Rock photography meets street art in Mick Rock, Fin DAC project
Photographer Mick Rock, known for some of the most recognisable pictures of rock legends such as David Bowie and album covers of the 1970s, is marking his 51 years working in the music industry with a new project collaborating with urban artist Fin DAC.
LONDON: Photographer Mick Rock, known for some of the most recognisable pictures of rock legends such as David Bowie and album covers of the 1970s, is marking his 51 years working in the music industry with a new project collaborating with urban artist Fin DAC.
"MIDARO" fuses photography with painting, with the Irish artist reworking Rock's photos of Bowie, Lou Reed, Iggy Pop and Debbie Harry to create a series of limited edition prints and canvas artworks.
Released on Tuesday, to coincide with what would have been Reed's 79th birthday, they each show a woman wearing a T-shirt adorned with one of Rock's photos of the music stars.
Rock said he had long been cautious when previously approached for artistic collaborations.
"All he (Fin DAC) (had) to do is show them to me, that was the deal. I had to approve of them," Rock told Reuters. "There was nothing not to approve."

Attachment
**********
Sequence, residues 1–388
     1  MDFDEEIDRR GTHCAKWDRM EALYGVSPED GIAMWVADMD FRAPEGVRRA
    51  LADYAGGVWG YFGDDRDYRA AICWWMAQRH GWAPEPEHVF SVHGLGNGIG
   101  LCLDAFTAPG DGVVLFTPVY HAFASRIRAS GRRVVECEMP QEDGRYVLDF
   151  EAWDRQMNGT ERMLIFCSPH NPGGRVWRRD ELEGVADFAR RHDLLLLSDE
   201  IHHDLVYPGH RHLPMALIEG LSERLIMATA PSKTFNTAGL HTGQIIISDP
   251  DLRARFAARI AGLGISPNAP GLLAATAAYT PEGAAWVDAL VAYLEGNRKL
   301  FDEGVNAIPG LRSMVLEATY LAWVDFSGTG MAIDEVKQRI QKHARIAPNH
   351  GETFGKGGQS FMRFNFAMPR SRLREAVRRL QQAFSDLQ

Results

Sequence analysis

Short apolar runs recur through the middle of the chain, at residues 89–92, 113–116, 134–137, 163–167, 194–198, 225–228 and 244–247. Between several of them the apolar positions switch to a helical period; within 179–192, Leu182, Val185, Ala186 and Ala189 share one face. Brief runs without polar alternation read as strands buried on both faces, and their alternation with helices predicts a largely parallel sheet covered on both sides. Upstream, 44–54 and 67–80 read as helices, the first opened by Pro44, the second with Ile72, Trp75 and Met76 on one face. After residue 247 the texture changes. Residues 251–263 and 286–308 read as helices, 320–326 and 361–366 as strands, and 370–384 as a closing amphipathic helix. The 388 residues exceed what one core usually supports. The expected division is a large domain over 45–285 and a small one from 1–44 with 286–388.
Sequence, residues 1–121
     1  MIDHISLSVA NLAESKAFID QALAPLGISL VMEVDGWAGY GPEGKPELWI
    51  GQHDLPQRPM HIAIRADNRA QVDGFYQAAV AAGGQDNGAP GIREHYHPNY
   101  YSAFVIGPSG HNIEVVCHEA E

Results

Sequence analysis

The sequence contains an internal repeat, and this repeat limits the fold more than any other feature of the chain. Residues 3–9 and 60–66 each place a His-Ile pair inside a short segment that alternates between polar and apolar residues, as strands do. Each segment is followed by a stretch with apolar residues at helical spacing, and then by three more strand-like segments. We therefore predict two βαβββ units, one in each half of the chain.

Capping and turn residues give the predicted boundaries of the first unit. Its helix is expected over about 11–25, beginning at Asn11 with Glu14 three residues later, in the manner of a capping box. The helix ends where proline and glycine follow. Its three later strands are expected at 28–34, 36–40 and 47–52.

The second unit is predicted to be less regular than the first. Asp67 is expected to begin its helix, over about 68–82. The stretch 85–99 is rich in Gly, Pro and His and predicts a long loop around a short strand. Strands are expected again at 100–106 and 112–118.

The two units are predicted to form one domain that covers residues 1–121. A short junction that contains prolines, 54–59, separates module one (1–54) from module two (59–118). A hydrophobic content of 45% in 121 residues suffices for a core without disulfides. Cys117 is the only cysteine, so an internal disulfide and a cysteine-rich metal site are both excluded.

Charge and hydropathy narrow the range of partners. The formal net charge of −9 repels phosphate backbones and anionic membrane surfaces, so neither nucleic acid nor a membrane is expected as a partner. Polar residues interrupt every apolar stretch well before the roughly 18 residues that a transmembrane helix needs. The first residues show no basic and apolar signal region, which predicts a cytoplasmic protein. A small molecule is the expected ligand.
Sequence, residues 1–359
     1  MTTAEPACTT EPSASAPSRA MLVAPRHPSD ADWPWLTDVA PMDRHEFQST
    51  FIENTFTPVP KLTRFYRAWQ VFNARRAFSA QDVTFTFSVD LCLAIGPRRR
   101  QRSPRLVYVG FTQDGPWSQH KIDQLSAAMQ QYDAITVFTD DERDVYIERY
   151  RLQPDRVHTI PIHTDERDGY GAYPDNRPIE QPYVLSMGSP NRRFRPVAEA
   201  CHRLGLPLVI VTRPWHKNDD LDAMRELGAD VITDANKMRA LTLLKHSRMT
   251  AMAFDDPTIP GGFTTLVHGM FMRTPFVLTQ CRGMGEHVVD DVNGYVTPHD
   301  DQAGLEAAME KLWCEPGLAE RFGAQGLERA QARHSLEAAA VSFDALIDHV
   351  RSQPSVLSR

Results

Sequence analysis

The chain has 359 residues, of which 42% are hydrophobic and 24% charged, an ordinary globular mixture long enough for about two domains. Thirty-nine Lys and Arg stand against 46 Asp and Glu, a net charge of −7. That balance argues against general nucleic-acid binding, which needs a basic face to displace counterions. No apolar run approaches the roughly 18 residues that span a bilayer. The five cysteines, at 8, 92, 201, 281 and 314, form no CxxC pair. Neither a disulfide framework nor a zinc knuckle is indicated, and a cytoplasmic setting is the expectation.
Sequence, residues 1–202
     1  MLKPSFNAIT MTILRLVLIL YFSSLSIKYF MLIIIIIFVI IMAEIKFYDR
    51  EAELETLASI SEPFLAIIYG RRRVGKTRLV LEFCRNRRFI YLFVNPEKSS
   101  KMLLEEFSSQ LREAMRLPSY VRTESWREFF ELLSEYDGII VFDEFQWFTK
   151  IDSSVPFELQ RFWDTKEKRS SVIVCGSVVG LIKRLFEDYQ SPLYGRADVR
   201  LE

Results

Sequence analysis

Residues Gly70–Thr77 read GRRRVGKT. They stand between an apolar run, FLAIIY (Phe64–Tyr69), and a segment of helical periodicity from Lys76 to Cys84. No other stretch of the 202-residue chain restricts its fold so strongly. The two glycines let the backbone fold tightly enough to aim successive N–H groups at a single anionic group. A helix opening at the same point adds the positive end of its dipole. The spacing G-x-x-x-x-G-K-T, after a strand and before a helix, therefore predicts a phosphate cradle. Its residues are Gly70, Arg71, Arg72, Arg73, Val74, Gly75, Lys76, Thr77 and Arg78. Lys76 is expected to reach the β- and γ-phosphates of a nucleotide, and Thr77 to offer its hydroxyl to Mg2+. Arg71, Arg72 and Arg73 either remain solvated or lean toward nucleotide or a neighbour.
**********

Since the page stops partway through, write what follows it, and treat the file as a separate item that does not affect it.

London-born Rock, often referred to as "The man who shot the 70s", first picked up a camera as a student at Cambridge University.
He went on to photograph Bowie as Ziggy Stardust and album covers for Syd Barrett's "Madcap Laughs", Reed's "Transformer", Iggy and The Stooges' "Raw Power" and Queen’s "Queen II".
"It wasn't like 'I'm going to be a rock and roll photographer'," Rock said. "These people weren’t so well known when I first met them. It was all about age and timing."
More recently, New York-based Rock has photographed Kate Moss, Lady Gaga and Miley Cyrus.
As well as the collaborative images, which will be on show and sale on the West Contemporary Editions platform, Rock is also releasing a selection of photographs he snapped of Bowie, Reed, Harry and Pop between 1969 and 1980 as well as his own art pieces.
(Reporting by Marie-Louise Gumuchian; editing by Emelia Sithole-Matarise)